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E.ON in trouble for exaggerating its heritage by 53 years

E.ON in hot water with ASA

E.On has been slapped with an ad ban from the Advertising Standards Authority (ASA) for exaggerating its heritage by 53 years.

The ASA received one complaint for an E.On regional press ad that stated: "10 energy companies have gone bust in the last year... 70 years and still going strong...".

Given E.On was formed in 2000, the ASA received a complaint that questioned whether the claim "70 years and still going strong" was misleading.

In its defence to the challenge, the energy company said it was promoting interest in E.On as an energy supplier.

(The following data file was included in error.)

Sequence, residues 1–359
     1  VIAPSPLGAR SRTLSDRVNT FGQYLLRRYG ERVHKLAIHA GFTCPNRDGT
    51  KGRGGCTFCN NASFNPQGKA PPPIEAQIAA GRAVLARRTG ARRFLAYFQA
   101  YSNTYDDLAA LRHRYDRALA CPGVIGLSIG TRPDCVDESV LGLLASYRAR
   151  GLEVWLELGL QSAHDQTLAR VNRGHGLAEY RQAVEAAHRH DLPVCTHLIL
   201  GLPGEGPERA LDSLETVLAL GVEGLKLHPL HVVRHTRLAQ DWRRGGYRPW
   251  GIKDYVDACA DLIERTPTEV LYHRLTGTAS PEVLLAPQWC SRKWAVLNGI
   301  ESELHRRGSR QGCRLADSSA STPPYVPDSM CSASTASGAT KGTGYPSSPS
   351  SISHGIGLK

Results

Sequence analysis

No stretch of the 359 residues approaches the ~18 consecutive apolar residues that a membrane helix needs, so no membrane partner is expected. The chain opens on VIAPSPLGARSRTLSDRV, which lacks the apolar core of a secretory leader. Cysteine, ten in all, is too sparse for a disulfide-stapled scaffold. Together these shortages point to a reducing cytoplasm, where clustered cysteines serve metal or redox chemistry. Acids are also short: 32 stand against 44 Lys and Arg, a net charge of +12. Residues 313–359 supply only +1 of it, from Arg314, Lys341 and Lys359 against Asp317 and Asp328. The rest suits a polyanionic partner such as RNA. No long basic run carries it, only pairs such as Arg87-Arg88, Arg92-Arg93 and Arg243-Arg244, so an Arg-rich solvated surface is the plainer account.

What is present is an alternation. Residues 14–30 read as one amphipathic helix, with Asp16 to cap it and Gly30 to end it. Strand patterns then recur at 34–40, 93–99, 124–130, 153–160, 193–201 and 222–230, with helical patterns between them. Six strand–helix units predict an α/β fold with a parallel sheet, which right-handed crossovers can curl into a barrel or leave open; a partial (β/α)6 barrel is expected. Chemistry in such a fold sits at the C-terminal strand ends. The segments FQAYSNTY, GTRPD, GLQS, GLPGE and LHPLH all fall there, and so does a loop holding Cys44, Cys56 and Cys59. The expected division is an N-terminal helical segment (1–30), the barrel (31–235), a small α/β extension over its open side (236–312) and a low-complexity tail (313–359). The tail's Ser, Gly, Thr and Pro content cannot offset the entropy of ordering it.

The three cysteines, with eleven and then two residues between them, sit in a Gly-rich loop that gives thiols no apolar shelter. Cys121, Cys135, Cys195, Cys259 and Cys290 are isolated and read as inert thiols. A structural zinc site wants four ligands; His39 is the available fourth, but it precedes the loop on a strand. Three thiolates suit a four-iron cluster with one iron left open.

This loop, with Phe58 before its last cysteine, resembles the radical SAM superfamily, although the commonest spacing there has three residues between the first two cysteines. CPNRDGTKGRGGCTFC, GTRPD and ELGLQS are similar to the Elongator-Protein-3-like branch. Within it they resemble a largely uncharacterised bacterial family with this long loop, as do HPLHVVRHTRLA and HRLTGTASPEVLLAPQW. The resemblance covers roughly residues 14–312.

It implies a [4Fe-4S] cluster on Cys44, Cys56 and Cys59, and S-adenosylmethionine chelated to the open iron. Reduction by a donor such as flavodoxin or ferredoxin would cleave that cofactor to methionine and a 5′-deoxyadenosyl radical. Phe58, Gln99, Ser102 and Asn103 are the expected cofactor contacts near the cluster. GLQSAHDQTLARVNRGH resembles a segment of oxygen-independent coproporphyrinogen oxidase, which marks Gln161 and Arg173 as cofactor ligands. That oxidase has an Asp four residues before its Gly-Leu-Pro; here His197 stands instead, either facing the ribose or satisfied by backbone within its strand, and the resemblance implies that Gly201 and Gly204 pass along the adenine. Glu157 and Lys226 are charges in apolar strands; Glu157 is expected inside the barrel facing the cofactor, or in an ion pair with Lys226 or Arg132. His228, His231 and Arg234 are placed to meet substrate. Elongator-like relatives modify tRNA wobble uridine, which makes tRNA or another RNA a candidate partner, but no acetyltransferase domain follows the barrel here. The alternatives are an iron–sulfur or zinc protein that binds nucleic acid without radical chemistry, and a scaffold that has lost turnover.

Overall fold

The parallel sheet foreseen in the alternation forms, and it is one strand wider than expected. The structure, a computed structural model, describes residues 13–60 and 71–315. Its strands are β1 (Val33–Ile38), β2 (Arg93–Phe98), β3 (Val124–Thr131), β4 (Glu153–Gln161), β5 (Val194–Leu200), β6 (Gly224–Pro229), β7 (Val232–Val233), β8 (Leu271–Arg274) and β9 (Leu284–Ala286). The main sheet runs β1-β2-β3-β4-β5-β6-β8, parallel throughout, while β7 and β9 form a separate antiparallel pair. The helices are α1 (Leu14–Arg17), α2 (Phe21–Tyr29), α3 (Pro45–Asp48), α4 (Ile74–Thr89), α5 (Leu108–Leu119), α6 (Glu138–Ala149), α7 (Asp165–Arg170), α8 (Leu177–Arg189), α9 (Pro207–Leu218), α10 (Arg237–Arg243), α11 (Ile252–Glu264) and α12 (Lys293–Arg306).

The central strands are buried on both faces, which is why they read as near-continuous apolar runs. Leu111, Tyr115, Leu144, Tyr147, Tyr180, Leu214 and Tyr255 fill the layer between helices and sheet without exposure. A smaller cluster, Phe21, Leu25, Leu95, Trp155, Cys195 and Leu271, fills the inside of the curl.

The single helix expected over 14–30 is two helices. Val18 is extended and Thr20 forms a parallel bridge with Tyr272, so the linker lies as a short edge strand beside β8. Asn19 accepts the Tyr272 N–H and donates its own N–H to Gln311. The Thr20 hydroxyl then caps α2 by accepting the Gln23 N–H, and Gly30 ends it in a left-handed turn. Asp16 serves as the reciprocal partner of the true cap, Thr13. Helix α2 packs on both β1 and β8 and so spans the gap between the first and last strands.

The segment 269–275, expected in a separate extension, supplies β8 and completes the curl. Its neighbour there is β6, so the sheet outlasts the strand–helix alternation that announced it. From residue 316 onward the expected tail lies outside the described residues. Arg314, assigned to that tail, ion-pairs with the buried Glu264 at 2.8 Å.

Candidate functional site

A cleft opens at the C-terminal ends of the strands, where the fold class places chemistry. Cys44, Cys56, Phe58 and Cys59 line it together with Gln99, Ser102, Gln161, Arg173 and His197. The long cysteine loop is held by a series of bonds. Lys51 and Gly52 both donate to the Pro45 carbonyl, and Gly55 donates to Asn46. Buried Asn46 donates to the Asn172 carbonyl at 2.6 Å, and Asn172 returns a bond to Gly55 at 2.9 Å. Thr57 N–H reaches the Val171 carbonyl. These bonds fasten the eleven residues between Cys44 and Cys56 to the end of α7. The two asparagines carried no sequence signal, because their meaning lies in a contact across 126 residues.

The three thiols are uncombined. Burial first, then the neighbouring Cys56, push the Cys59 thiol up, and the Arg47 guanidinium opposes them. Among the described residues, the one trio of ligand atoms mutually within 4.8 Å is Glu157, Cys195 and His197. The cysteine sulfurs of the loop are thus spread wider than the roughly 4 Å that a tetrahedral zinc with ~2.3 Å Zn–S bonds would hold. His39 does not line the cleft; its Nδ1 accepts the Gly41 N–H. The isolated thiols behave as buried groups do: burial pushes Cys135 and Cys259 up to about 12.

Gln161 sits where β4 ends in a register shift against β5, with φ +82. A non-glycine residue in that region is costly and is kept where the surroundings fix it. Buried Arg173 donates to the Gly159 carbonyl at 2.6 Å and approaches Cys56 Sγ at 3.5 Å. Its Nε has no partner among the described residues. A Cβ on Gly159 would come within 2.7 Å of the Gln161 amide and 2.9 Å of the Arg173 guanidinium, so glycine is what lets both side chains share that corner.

It also claimed it E.On claimed it could demonstrate that the supply of energy had been uninterrupted from 1947 until now.

After the utilities sector was nationalised in 1947, the Electricity Act of 1989 privatised the industry, naming East Midlands Electricity (EME) the successor to the board that supplied and distributed electricity throughout the 41 years it was nationalised.

EME was acquired and rebranded by Powergen in 1988 – the company E.On acquired in 2002.

It therefore argued that although the trading name of the company providing the supply had changed over the years, there had been a continued obligation to supply which it had continued to do.

In response, the ASA said consumers would understand the claim "70 years and still going strong" as a reference to E.On as a private company.

It also decided that the period of time when the electricity industry was nationalised should not count towards its trading period because, at this time, it did not exist as a private company.

The ASA concluded that the ad should not appear again in its current form.

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